Warwick Castle

Warwick Castle

Warwick Castle

Warwick Castle is a medieval castle developed from an original built by William the Conqueror in 1068. Warwick is the county town of Warwickshire, England, situated on a bend of the River Avon. The original wooden motte-and-bailey castle was rebuilt in stone in the 12th century. During the Hundred Years War, the facade opposite the town was refortified, resulting in one of the most recognisable examples of 14th century military architecture. It was used as a stronghold until the early 17th century, when it was granted to Sir Fulke Greville by James I in 1604. Sir Fulke Greville converted it to a country house. It was owned by the Greville family, who became earls of Warwick in 1759, until 1978 when it was bought by the Tussauds Group.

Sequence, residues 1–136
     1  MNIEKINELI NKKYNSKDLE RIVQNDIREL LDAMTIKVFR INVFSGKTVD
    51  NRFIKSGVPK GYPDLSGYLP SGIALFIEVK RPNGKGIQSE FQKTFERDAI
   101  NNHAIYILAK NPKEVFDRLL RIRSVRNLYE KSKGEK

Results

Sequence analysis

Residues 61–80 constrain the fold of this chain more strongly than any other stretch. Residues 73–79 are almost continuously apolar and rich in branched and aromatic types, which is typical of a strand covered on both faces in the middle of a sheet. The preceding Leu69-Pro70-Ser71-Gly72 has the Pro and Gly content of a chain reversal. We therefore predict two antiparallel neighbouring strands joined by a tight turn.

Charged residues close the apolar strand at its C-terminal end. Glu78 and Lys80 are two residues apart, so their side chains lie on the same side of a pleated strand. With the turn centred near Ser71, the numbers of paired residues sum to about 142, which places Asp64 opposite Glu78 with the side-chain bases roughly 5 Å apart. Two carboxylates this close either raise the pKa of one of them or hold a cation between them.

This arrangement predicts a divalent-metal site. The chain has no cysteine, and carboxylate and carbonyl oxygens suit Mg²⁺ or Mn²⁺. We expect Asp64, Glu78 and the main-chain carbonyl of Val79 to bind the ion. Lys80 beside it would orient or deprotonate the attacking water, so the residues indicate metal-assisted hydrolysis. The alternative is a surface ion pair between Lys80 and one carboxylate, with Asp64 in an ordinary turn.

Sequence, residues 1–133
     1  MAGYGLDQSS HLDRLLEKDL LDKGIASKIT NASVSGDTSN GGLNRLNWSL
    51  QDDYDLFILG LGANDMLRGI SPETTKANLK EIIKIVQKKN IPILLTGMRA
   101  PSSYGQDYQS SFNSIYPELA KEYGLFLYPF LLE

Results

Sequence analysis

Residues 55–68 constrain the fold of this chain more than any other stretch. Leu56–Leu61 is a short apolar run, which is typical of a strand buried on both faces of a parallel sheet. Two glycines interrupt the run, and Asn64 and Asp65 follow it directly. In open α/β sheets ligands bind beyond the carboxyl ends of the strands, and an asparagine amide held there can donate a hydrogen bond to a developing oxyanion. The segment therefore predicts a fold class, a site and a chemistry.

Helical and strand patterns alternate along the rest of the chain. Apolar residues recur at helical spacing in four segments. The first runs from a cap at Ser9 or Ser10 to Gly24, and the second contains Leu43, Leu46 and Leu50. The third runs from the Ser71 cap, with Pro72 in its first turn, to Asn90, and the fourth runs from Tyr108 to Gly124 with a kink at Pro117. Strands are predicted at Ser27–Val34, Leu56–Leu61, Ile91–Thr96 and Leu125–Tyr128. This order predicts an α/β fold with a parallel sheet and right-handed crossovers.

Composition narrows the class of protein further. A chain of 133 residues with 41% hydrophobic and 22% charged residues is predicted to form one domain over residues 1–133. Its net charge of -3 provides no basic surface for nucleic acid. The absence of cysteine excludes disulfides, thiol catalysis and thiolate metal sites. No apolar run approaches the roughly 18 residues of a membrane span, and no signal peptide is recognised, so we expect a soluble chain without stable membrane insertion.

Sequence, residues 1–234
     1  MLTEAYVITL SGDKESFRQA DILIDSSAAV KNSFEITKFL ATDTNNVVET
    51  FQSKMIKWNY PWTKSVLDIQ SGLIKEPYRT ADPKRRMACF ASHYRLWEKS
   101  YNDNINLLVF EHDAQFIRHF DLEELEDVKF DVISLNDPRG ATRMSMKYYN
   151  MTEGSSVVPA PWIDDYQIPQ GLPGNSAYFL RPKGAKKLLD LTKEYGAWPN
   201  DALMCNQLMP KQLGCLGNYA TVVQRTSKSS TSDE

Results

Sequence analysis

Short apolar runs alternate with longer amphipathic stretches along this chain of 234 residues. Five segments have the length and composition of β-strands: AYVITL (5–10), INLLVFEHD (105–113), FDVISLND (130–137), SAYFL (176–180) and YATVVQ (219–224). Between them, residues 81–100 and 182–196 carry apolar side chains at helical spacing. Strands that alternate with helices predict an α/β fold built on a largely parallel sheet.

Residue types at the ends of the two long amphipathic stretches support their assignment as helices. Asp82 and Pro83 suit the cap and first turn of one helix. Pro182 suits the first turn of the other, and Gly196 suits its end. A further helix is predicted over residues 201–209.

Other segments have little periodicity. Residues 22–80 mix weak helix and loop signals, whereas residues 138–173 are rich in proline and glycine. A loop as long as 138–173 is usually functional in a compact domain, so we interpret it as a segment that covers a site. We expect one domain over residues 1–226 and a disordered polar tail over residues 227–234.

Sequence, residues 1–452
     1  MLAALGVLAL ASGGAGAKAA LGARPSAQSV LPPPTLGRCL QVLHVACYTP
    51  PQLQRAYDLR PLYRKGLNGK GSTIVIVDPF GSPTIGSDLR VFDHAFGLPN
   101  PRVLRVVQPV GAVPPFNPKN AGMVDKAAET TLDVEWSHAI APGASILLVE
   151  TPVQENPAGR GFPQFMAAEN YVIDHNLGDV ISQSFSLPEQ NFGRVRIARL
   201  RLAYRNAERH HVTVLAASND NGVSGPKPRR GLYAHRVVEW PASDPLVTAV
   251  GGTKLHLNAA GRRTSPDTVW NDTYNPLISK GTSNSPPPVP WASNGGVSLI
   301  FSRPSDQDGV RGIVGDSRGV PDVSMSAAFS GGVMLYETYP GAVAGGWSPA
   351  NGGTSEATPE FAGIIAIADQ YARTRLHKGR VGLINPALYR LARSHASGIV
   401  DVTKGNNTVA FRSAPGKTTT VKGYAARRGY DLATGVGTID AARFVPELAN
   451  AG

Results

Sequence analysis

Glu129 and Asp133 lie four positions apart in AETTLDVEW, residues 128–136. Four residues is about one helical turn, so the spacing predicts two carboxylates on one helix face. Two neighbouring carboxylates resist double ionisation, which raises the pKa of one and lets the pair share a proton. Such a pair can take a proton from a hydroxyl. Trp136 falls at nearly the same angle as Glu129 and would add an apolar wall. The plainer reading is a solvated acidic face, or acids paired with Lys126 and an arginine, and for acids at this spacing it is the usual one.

Warwick Castle is situated in the town of Warwick, on a sandstone bluff at a bend of the River Avon. The river, which runs below the castle on the east side, has eroded the rock the castle stands on, forming a cliff. The river and cliff form natural defences. When construction began in 1068, four houses belonging to the Abbot of Coventry were demolished to provide room. The castle’s position made it strategically important in safeguarding the Midlands against rebellion. During the 12th century, King Henry I was suspicious of Roger de Beaumont, 2nd Earl of Warwick. To counter the earl’s influence, Henry bestowed Geoffrey de Clinton with a position of power rivalling that of the earl. The lands he was given included Kenilworth – a castle of comparable size, cost, and importance, founded by Clinton – which is about 8 kilometres (5 mi) to the north. Warwick Castle is about 1.6 kilometres (1 mi) from Warwick railway station and less than 3.2 kilometres (2.0 mi) from junction 15 of the M40 motorway; it is also close to Birmingham International Airport.

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